Written by Sue Fox // Please leave a comment.

Chicago Bungalow of the Week

filed under: Bungalows, Jefferson Park posted on January 21st, 2010

In keeping with my theme of Promoting Bungalow Awareness, this week I thought I’d point out a highly-upgraded Chicago bungalow that proves you don’t have to sacrifice space for style.

That’s the thing about bungalows: they’re small. Built in the early decades of the 20th century, many Chicago bungalows offer cozy, one-story layouts with three modest bedrooms and a bathroom. For many of today’s homeowners, this just isn’t enough elbow room (let alone bathroom space), and as a consequence Chicago is full of bungalows that have been chopped-up, added-on, blown-out, remodeled and often just plain remuddled in an effort to create more living space. Too bad so much of this renovation also includes ripping out built-in hutches and bookcases, original stained-glass windows, wood trim and beadboard, and generally stripping these lovely homes of their distinctive bungalow character.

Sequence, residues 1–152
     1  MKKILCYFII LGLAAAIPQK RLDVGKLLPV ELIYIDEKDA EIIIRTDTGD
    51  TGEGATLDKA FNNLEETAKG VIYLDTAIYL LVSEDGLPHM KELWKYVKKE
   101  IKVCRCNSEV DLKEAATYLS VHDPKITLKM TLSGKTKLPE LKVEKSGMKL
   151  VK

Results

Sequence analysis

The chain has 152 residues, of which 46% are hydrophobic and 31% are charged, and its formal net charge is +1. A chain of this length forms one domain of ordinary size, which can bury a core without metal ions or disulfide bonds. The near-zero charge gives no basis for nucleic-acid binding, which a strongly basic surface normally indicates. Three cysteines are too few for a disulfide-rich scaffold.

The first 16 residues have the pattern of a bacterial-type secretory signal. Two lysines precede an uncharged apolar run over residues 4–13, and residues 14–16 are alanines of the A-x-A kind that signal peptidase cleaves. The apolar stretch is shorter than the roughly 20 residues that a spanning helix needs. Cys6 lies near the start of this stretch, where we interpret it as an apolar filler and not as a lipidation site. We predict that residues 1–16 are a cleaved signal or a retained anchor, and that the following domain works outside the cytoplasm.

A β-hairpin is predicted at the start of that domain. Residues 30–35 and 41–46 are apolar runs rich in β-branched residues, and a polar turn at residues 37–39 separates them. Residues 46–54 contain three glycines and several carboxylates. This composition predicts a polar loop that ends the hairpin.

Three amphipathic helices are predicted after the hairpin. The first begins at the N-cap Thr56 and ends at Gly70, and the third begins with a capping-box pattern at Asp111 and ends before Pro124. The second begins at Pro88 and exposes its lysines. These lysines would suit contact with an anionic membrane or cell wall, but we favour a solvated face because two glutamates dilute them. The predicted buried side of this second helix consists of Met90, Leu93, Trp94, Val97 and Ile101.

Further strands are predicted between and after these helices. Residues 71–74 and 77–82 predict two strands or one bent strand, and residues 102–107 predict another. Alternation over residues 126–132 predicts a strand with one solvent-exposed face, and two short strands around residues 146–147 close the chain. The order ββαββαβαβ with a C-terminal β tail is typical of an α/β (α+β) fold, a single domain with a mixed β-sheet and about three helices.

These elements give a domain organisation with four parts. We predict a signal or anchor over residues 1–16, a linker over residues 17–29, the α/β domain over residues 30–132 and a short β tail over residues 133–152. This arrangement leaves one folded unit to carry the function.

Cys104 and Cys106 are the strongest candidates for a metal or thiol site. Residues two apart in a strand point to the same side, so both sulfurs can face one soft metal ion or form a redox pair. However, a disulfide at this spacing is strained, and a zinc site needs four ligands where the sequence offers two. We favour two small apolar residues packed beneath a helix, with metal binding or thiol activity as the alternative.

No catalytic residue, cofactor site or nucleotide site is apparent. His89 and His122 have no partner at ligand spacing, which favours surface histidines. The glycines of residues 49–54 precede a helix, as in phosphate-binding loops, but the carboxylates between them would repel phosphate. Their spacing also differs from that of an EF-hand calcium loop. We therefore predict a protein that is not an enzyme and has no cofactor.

A remodeled, but not remuddled, bungalow. Joy!

ROOM TO GROW: This Chicago bungalow, located in Jefferson Park, has been expanded to include 4 bedrooms, 3 bathrooms, and a finished basement. But the remodel left intact its distinctive bungalow features -- including its curb appeal.

Now, check out this Chicago Bungalow of the Week: 4540 N Mason Ave. in Jefferson Park. It’s a bit pricey, as bungalows go: $509,900, just reduced from $525,000 after three months on the market. But it has been rehabbed with amenities like central air, a zoned heating system, a fireplace, and a finished basement with a rec room and a 5th bedroom and bath for guests.